Across the pond, however, it was a horrendous winter — particularly in the United Kingdom and Ireland, a region close to a vortex of climate chaos. Pools of cold water near Greenland — probably the result of glacial ice melt — have been situated in proximity to areas of outrageously warm waters. Robert Scribbler has the story.
“10 degree Celsius above average sea surface temperatures off North America . . . are just insanely warm. Ocean surface anomalies used to rarely exceed 2 degrees Celsius warmer than average. These spikes off North America are an indication that the Gulf Stream is backing up and that overturning circulation off Greenland is slowing down.”
Wales and Scotland received the most rainfall ever recorded for a December-February period, with totals about two-and-one-half feet — even more than the previous record set only two years ago. At least one spot received three-and-one-half feet!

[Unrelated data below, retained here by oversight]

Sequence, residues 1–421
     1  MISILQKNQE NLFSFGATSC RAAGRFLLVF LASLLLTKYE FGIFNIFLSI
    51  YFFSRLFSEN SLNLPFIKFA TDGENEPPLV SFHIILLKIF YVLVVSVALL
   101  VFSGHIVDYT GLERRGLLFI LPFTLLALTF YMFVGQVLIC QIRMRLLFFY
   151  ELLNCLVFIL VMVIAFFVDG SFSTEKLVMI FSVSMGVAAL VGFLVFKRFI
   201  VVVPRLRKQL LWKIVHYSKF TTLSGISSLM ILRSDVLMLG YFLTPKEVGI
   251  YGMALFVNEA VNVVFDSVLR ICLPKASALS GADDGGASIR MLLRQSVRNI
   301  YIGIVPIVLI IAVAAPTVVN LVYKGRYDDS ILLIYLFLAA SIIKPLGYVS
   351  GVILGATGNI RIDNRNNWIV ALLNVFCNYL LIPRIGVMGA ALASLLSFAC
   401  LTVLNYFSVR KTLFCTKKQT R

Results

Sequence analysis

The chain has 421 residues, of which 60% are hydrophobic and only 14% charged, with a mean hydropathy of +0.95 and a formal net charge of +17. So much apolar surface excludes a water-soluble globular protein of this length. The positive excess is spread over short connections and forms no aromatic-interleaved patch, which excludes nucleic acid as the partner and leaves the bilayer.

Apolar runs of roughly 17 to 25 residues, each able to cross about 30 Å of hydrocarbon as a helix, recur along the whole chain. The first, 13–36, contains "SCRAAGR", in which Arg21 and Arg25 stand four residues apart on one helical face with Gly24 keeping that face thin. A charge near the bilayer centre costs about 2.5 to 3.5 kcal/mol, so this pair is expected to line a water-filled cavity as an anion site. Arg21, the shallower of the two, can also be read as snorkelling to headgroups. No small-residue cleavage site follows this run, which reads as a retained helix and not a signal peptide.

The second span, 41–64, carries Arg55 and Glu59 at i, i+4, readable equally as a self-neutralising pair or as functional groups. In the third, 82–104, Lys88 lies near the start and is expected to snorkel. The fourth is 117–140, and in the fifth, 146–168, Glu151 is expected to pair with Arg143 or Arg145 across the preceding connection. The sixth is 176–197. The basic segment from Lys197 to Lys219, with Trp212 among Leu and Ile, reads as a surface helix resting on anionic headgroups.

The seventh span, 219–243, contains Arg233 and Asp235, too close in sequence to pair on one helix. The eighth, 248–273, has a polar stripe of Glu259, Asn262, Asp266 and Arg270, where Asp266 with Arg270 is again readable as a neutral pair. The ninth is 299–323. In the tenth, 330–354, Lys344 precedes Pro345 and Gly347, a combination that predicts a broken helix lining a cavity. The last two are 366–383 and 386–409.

Even though the heavy rain pattern apparently started in November, the winter season’s deluge is clearly indicated astro-meteorologically. The lower meridian — the most potent zone, where events are most grounded — for Neptune, indicator for freakishly heavy rains and flooding, runs north-south through Wales, Scotland and westernmost England.
Two other moisture indicators are also present: the Venus-ascendant line (through Wales and England) and the Moon-descendant line (through Ireland and Scotland).
One could say the islands were in the cross-hairs. Have a look at the chart cast for Cardiff, Wales: Neptune at the bottom, with Venus and Moon across the horizon.
But let’s not overlook hapless Fiji, beset by a rising sea level, a leader in urging more serious responses to climate disruption, and lately devastated by tropical cyclone Winston. Fiji too has been marked this season by Neptune: The island nation is close by Neptune’s upper meridian line.
(Suva is the capital of Fiji.)
[Reading material: Look Homeward, America and Bye Bye Miss American Empire, Bill Kauffman. For an audio sample of his views, listen here.]